Monday, November 01, 2010

Except a Gleam Across the Dreamer's Face

I'm a little late on this since I've been exhausting my mana ranting elsewhere, but rest assured I've been thinking about this a lot during the shower in the morning. I mean... wait... there's a less awkward way of saying that...

PC World has declared that the Linux desktop missed its opportunity to gain market share, and that opportunity has passed. To a point this is true... the Linux desktop was a viable alternative when Vista was rejected by the public at large. It didn't matter if users had even tried Vista in their lifetime - public opinion had spoken, and Vista wasn't invited to the consumer PC party. A huge market share vacuum was left behind and Linux tried to fill it as rapidly as possible, but it simply had too much ground to cover. By the time the Linux desktop caught up (and they did catch up in my opinion) it was simply too late for inclusion by OEMs into netbooks - the hardware platform that was absolutely made for Linux.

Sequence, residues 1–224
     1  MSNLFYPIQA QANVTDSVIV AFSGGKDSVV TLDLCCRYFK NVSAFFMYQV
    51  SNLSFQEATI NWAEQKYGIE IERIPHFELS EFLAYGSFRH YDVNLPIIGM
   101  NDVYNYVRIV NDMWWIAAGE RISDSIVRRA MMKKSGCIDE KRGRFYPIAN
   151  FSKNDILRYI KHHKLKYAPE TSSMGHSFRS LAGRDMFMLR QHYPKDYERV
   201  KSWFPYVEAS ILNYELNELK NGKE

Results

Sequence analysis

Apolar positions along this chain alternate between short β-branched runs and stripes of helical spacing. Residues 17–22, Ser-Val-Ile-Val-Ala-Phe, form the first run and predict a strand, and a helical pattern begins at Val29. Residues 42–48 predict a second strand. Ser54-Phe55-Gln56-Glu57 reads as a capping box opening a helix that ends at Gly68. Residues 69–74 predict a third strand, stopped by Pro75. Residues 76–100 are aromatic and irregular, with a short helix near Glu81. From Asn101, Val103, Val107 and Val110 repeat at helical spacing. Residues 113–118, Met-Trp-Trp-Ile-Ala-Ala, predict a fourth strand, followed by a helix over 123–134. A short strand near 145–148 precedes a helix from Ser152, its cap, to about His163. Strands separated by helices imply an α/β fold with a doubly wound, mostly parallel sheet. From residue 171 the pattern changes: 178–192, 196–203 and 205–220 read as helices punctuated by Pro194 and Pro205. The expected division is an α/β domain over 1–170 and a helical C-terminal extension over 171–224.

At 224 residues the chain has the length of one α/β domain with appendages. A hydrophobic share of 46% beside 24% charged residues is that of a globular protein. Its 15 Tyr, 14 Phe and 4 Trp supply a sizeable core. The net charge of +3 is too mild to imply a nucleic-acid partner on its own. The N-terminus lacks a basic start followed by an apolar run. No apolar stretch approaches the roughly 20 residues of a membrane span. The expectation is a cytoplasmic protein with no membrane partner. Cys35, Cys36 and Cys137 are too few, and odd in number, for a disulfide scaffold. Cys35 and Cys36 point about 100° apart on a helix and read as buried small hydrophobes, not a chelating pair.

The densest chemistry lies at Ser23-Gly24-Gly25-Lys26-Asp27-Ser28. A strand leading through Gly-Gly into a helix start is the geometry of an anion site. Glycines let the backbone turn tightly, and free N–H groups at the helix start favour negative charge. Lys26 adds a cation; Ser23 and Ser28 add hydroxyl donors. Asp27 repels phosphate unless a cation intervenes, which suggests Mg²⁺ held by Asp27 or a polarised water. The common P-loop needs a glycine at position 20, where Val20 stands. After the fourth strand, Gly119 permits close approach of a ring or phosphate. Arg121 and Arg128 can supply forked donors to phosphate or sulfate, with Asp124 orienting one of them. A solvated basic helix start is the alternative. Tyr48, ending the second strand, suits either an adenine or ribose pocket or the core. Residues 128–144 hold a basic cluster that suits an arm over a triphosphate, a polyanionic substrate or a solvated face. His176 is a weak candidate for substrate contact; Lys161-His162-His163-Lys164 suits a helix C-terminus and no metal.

Gosling ends up agreeing but on a different premise: the economics of OSS don't work for desktop software that "just works" out of the box. This has some truth as well - a pay-per-support model cannot sustain an OSS desktop when the expectation is that the desktop should simply "work" without the need to call for support. By the time the user picks up the phone for help the desktop environment has already failed. Desktops must install and operate without a need for any hand-holding.

PC World did make one important point that shouldn't be glossed over - the traditional, monolithic desktop is dying off. I'm not saying that the desktop is going away by any measure... but people are returning to the time where they see desktops, laptops, mobile phones and TV's as "appliances" and no longer as "computers." Each serves a function of its own and is expected to work in concert with the rest of the electronic family.

I hope these blogs o' doom don't have a chilling effect on writing applications for the Linux desktop. Linux is only going to see greatly increasing deployments in the future, not diminishing ones. The desktop is not simply going to be defined as KDE 4 or Gnome, but instead is going to exist as Hulu Desktop and/or MythTV. The desktop creates and consumes content - the lines between OS' are starting to dissolve.

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